In response to an FT article by John Kay on 27th January 2015, entitled 'History is the antidote to fear of falling prices'
People are not afraid of falling prices, governments and central banks are.
1. They can't tax deflation
2. Given that fiat money is created as debt by a fractional reserve banking system, they need a constantly expanding supply of it in order to stop the system from collapsing in on itself. So like a Ponzi scheme or a pyramid scheme the system needs a constant supply of new debtors and/or old debtors to continue increasing their leverage
3. Demographic trends in the developed world are working in the opposite direction:
- The number of young debtors and new tax payers is declining
- The number of older people paying off their debt is increasing (the younger baby boomers)
- The number of people retiring who want to draw on savings is increasing (the older baby boomers)
4. This all amounts to a problem governments don't want to face up to because they don't fancy telling the truth to people - ''Sorry guys, we can't afford to fulfil all the entitlements we promised you to get elected…we we're rather hoping we could inflate the debt away, and Professor Krugman still thinks we can…but…whoops"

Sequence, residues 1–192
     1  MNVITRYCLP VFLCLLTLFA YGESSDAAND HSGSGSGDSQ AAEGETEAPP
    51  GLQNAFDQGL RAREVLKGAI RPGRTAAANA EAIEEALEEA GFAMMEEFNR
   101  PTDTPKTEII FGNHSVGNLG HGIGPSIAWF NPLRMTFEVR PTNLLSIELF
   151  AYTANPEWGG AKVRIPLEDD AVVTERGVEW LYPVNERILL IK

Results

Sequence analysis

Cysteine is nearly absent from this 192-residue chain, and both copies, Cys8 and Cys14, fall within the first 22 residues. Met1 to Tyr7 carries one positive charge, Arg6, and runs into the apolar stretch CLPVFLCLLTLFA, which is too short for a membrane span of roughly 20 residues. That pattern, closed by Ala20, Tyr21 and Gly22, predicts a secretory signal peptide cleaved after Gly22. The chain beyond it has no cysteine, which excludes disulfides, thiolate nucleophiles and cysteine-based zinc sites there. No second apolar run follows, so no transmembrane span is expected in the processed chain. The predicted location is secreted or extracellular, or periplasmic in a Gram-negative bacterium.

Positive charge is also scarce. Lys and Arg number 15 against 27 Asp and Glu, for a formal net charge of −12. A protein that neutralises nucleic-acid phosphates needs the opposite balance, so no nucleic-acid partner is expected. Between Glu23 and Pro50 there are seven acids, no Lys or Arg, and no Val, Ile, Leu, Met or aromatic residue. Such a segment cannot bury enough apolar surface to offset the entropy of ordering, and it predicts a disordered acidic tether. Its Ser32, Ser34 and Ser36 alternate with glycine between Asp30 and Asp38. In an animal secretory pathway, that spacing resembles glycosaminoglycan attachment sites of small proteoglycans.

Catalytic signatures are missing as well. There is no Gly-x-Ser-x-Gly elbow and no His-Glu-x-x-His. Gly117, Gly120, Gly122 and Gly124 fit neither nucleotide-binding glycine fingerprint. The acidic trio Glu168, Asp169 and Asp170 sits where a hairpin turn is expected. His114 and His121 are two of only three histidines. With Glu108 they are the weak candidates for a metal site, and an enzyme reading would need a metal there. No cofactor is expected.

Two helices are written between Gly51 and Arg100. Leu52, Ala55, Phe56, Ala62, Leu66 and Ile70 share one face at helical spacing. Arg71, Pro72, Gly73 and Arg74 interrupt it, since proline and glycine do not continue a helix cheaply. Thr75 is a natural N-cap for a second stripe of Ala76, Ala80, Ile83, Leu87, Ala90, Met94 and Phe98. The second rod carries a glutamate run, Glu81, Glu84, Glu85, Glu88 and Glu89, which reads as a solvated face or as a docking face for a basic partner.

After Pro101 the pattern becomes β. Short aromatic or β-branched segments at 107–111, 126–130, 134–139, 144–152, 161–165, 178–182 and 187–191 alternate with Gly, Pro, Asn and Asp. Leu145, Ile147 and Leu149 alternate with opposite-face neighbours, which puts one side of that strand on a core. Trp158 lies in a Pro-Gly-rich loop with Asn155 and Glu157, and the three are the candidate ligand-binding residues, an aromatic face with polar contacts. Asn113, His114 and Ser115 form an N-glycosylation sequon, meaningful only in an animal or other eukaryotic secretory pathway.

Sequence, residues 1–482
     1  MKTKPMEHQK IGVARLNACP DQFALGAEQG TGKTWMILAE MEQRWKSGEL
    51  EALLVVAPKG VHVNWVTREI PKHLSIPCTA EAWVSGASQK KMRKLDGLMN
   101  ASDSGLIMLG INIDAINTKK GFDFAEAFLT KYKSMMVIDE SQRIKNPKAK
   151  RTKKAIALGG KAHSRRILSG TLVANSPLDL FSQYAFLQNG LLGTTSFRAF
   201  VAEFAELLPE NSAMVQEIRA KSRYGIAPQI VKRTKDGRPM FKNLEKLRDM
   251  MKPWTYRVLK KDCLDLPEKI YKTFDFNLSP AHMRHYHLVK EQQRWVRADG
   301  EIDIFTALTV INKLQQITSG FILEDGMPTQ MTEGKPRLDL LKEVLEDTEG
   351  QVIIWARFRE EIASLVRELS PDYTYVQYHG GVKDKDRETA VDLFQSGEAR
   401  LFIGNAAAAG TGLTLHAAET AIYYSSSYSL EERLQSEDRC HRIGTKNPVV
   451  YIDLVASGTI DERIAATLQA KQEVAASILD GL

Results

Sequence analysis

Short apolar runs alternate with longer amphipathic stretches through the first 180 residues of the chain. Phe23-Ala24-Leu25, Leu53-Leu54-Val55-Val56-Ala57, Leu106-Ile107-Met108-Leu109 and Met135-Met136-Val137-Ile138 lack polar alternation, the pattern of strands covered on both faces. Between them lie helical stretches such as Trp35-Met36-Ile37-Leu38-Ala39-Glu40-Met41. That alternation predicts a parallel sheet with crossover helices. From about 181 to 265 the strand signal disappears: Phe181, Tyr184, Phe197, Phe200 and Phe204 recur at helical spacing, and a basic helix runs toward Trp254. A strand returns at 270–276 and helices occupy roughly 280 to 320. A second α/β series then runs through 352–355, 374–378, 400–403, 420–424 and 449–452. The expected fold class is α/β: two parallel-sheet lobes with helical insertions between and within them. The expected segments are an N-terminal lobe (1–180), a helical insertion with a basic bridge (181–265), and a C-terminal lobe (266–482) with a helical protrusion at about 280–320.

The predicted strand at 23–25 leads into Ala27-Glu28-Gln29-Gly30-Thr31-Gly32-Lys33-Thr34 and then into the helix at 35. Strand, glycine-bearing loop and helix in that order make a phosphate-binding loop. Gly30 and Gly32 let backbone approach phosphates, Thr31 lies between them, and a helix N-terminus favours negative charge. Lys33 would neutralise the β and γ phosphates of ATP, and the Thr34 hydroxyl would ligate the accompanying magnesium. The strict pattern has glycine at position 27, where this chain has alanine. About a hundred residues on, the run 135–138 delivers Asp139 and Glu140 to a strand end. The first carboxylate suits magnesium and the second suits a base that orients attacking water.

Governments are no more likely to explain their fear of deflation than they are to admit they have absolutely no intention of ever paying off their debts in money that represents the purchasing power they borrowed, and are becoming increasingly desperate at the likelihood they will never pay it off nominally either. So they continue to do the 3 things they know how to do - kick the can down the road, pretend they know what they are doing, and print.
Personally, deflation doesn't scare me; governments and central bankers do.